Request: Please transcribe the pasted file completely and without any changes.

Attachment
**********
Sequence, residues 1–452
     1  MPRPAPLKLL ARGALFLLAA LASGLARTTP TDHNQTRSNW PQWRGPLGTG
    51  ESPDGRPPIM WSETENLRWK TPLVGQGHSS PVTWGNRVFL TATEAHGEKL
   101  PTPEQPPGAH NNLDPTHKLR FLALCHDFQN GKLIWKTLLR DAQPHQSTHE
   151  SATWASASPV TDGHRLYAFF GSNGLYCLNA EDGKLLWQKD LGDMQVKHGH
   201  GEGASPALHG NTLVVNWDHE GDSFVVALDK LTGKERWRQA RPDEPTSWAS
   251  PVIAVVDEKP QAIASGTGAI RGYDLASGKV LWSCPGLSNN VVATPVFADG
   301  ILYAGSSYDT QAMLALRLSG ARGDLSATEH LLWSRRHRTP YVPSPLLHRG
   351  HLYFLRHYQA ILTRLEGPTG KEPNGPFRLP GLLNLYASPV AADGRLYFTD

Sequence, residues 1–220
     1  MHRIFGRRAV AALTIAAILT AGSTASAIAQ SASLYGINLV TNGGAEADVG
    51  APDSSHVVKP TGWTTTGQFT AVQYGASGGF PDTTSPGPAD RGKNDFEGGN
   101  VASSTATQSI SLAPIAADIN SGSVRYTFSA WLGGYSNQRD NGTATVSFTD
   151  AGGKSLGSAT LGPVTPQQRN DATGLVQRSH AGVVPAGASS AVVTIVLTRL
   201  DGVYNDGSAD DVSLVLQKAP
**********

Sequence, residues 1–452
     1  MPRPAPLKLL ARGALFLLAA LASGLARTTP TDHNQTRSNW PQWRGPLGTG
    51  ESPDGRPPIM WSETENLRWK TPLVGQGHSS PVTWGNRVFL TATEAHGEKL
   101  PTPEQPPGAH NNLDPTHKLR FLALCHDFQN GKLIWKTLLR DAQPHQSTHE
   151  SATWASASPV TDGHRLYAFF GSNGLYCLNA EDGKLLWQKD LGDMQVKHGH
   201  GEGASPALHG NTLVVNWDHE GDSFVVALDK LTGKERWRQA RPDEPTSWAS
   251  PVIAVVDEKP QAIASGTGAI RGYDLASGKV LWSCPGLSNN VVATPVFADG
   301  ILYAGSSYDT QAMLALRLSG ARGDLSATEH LLWSRRHRTP YVPSPLLHRG
   351  HLYFLRHYQA ILTRLEGPTG KEPNGPFRLP GLLNLYASPV AADGRLYFTD

Sequence, residues 1–220
     1  MHRIFGRRAV AALTIAAILT AGSTASAIAQ SASLYGINLV TNGGAEADVG
    51  APDSSHVVKP TGWTTTGQFT AVQYGASGGF PDTTSPGPAD RGKNDFEGGN
   101  VASSTATQSI SLAPIAADIN SGSVRYTFSA WLGGYSNQRD NGTATVSFTD
   151  AGGKSLGSAT LGPVTPQQRN DATGLVQRSH AGVVPAGASS AVVTIVLTRL
   201  DGVYNDGSAD DVSLVLQKAP